When most people think of starting a business, they think of beginning from scratch--developing your own ideas and building the company from the ground up. But starting from scratch presents some distinct disadvantages, including the difficulty of building a customer base, marketing the new business, hiring employees and establishing cash flow...all without a track record or reputation to go on.


Whether you use a broker or go it alone, you will definitely want to put together an "acquisition team"--your banker, accountant and attorney--to help you. These advisors are essential to what is called "due diligence", which means reviewing and verifying all the relevant information about the business you are considering. When due diligence is done, you will know just what you are buying and from whom. The preliminary analysis starts with some basic questions. Why is this business for sale? What is the general perception of the industry and the particular business, and what is the outlook for the future? Does--or can--the business control enough market share to stay profitable? Are raw materials needed in abundant supply? How have the company's product or service lines changed over time?


You also need to assess the company's reputation and the strength of its business relationships. Talk to existing customers, suppliers and vendors about their relationships with the business. Contact the Better Business Bureau, industry associations and licensing and credit-reporting agencies to make sure there are no complaints against the business.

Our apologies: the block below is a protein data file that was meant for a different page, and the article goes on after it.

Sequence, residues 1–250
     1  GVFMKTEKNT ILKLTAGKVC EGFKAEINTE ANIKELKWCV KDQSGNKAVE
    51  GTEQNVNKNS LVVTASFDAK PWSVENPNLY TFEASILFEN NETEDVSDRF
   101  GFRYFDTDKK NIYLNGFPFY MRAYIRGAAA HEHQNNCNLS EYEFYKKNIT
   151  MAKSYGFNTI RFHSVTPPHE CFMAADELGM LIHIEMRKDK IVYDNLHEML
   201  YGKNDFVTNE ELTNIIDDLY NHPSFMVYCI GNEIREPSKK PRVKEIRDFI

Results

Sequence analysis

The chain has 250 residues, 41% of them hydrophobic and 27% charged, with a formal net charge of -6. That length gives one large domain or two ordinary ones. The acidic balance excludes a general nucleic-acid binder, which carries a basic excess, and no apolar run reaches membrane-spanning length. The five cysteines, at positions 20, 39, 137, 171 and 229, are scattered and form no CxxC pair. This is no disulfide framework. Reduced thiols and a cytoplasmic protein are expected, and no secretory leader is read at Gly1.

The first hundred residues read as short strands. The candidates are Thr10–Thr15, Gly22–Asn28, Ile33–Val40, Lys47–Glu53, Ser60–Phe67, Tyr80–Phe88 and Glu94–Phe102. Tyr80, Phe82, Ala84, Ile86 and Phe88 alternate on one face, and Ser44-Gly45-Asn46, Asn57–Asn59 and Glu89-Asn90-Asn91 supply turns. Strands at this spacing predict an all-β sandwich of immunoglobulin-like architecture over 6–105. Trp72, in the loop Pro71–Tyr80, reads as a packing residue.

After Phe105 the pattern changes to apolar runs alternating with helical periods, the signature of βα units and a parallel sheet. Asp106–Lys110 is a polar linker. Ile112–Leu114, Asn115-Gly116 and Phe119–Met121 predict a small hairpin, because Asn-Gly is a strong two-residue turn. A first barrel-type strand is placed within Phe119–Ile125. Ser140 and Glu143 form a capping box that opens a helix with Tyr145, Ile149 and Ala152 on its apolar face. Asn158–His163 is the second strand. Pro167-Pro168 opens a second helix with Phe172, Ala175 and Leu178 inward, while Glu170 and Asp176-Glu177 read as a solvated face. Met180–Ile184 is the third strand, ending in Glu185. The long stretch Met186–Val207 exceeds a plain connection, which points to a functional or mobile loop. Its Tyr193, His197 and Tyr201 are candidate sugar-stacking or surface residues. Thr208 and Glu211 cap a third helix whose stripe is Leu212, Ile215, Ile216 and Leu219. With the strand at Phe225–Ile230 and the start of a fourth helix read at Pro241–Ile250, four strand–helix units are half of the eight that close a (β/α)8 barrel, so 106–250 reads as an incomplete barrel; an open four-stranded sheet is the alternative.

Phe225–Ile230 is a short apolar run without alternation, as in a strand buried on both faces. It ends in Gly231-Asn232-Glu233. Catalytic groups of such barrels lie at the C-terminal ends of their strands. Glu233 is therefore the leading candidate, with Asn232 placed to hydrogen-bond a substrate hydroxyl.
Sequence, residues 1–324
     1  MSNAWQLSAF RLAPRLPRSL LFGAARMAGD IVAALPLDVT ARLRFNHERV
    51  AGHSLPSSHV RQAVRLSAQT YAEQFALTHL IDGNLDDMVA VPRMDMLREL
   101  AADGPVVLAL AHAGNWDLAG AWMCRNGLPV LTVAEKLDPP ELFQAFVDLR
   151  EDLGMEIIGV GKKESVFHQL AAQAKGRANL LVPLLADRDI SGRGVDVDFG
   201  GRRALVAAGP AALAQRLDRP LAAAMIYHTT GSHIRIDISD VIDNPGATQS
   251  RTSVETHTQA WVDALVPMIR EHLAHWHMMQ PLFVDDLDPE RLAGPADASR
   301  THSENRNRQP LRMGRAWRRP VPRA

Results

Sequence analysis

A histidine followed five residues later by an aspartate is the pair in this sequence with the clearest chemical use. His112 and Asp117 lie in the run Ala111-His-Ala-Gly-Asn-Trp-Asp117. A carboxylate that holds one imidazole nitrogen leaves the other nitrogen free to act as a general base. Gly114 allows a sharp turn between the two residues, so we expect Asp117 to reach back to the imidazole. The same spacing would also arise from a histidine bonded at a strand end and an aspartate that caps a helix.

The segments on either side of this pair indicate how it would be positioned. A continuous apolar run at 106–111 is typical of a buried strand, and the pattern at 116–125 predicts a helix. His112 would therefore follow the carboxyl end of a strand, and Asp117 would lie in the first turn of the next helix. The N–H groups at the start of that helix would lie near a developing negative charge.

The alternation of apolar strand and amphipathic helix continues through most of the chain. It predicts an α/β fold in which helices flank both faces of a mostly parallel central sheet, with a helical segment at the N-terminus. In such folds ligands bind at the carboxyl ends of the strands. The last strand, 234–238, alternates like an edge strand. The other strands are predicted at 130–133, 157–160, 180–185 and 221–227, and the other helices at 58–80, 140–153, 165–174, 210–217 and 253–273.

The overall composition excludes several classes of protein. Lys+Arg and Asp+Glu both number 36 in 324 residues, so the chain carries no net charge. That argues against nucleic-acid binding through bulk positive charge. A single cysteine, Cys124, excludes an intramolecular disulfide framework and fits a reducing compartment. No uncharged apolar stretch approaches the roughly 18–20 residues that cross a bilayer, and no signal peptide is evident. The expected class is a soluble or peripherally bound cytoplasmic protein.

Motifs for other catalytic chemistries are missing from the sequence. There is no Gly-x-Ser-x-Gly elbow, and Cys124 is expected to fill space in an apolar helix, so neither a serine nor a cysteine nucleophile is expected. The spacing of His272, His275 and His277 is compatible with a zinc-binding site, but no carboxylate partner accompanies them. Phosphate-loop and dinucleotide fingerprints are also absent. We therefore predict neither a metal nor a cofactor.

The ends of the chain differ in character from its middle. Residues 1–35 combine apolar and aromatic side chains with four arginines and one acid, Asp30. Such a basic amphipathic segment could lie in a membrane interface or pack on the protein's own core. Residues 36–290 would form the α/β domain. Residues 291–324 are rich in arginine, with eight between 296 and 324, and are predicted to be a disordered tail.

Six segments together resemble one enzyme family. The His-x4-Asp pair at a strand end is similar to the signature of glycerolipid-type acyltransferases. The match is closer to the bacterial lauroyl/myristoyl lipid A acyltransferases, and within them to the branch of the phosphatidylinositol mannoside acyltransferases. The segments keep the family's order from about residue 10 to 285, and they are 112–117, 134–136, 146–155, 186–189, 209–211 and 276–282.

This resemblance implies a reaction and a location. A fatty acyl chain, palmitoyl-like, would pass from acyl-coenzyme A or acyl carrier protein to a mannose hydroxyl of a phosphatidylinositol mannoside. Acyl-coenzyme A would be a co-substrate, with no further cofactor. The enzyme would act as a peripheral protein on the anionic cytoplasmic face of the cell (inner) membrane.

To get an idea of the company's anticipated returns and future financial needs, ask the business owner and/or accountants to show you projected financial statements. Balance sheets, income statements, cash flow statements, footnotes and tax returns for the past three years are all key indicators of a business's health. These documents will help you conduct a financial analysis that will spotlight any underlying problems and also provide a closer look at a wide range of less tangible information.


5. Tax returns for the past five years. Many small business owners make use of the business for personal needs. They may buy products they personally use and charge them to the business or take vacations using company funds, go to trade shows with their spouses, etc. You have to use your analytical skills and those of your accountant, to determine what the actual financial net worth of the company is.


10. All accounts payable. Like accounts receivable, accounts payable should be broken down by 30 days, 60 days, and 90 days. This is important in determining how well cash flows through the company. On payables more than 90 days old, you should check to see if any creditors have placed a lien on the company's assets.


14. Marketing strategies. How does the owner obtain customers? Does he or she offer discounts, advertise aggressively, or conduct public-relations campaigns? You should get copies of all sales literature to see the kind of image that is being projected by the business. When you look at the literature, pretend that you are a customer being solicited by the company. How does it make you feel? This can give you some idea of how the company is perceived by its market.


20. Seller-customer ties. You must find out if any customers are related or have any special ties to the present owner of the business. How long has any such account been with the company? What percentage of the company's business is accounted for by this particular customer or set of customers? Will this customer continue to purchase from the company if the ownership changes? 041b061a72